The Southern Presbyterian Journal/Volume 13/Number 45/The Sacraments
On one occasion a friend and I visited some Lutheran professors. Perhaps they had not received many Calvinistic visitors, or perhaps they merely wanted to get the conversation started; but at any rate one of them asked what were some of the differences between Calvinists and Lutherans. Since we were not on a polemic mission, it did not seem wise to mention any major topic of contention such as predestination or perseverance; so I sought for some obscure technicality and remarked that Calvinists do not accept the theory of the communicatio idiomatum. (This is the theory that the qualities of Christ's divine nature can be attributed to his human nature.) But instantly, one of the gentlemen, a professor neither of philosophy nor of theology, but of history, replied that a denial on this point would undermine the whole Lutheran view of the sacraments. At such immediate penetration, my esteem of Lutheran scholarship, already high, soared still higher. But it struck me as a great tragedy of history that Lutheranism has tenaciously held to the one point at which Luther differed from the Calvinists, while at the same time it has departed from Luther on the many points of agreement.
In attributing to Christ's human nature, particularly to his body, the divine attribute of omnipresence, the Lutherans maintain a view of the Lord's Supper that is not far enough removed from the very objectionable Romish view. The Lord's Supper and Baptism will each be discussed in the following articles; but with respect to all their sacraments the Romanists hold that the effect is, one might say, automatically produced if the sacrament is properly administered. The water itself regenerates and the physical body of Christ nourishes.
On the contrary, the Westminster Confession says that "Sacraments are holy signs and seals of the covenant of grace." This is in full accord with Paul's warnings to those Jews who trusted in circumcision. "Circumcision verily profiteth, if thou keep the law; but if thou be a breaker of the law, thy circumcision is made uncircumcisism . . . For he is not a Jew who is one outwardly; neither is that circumcision, which is outward in the flesh . . ." (Rom. 2:25-29). And to the same effect: "Let a man examine himself, and so let him eat . . . for he that eateth and drinketh unworthily, eateth and drinketh damnation to himself . . ." (I Cor. 11: 27-31).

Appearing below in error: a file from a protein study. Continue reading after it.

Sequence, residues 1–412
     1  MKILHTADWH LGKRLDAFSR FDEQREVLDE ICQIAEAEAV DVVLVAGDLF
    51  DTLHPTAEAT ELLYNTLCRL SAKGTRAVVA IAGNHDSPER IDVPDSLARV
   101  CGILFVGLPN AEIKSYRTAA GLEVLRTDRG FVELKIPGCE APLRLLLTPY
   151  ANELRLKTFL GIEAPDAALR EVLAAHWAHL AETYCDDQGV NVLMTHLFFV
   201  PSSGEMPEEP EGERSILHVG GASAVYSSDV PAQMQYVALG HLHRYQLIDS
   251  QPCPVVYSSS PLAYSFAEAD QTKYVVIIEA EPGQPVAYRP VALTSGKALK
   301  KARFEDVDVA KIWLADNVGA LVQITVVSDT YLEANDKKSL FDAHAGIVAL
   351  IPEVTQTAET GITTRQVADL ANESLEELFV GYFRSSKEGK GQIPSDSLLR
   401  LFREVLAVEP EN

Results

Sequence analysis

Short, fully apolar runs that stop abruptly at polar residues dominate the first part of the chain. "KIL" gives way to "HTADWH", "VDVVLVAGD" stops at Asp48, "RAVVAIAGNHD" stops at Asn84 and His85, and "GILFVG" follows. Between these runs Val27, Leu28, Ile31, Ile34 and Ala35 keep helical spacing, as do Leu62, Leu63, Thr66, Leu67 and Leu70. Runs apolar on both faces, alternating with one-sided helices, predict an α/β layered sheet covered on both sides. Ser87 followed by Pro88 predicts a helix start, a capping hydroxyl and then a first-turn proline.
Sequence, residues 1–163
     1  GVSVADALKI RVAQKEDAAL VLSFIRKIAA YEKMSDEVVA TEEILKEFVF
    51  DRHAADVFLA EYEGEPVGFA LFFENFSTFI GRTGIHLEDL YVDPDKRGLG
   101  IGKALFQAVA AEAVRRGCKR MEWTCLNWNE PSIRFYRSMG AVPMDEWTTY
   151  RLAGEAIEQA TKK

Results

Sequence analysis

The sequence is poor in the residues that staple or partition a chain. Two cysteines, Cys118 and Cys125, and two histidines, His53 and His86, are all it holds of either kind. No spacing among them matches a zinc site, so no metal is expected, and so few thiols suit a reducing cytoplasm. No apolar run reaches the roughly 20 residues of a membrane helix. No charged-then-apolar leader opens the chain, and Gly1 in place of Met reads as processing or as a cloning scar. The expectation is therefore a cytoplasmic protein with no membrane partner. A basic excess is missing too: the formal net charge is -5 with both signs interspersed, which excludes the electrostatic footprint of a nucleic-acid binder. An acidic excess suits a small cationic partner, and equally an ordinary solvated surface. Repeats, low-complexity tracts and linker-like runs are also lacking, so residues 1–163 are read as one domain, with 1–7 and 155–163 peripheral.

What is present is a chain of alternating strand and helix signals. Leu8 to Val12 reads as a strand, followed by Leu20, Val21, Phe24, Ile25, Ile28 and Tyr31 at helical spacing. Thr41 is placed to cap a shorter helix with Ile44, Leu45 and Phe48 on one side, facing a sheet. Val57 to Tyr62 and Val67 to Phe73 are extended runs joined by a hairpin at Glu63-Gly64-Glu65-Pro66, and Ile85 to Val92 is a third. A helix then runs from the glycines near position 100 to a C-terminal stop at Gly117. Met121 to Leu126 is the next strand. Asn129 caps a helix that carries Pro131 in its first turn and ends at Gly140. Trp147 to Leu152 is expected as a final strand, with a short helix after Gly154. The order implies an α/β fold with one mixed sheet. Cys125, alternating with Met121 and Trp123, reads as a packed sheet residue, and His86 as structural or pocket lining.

Furthermore, in Romanism the proper administration of a sacrament, and therefore its efficacy, depends on the intention of the priest. Unless the priest has the secret intention of doing what the Church intends in the definition of the sacrament, the thing does not work. Now, there was a priest who came to rebel against the whole system of his church. He came to have a hatred of religion. While in this state of mind, according to his later confession, he baptized many infants with the intention, not of doing what the Church defined, but of sending them to hell. Of course the priest is hardly to be commended for such evil intentions, as he himself later came to see; but consider the position of the Roman church which deprived these infants of regeneration by making a valid baptism to depend on the priest. On the Romish view a priest may outwardly pronounce every word and perform every action prescribed by the ritual, and the recipient may fulfill every condition required of him; yet if the priest has the wrong intention, the worshipper goes away destitute of the grace he thinks he has received.
How different is the position of Paul, of the Reformers, and of the Confession. "The grace which is exhibited in or by the Sacraments, rightly used, is not conferred by any power in them; neither doth the efficacy of a Sacrament depend upon the piety or intention of him that doth administer it, but upon the work of the Spirit, and the word of institution, which contains, together with a precept authorizing the use thereof, a promise of benefit to worthy receivers."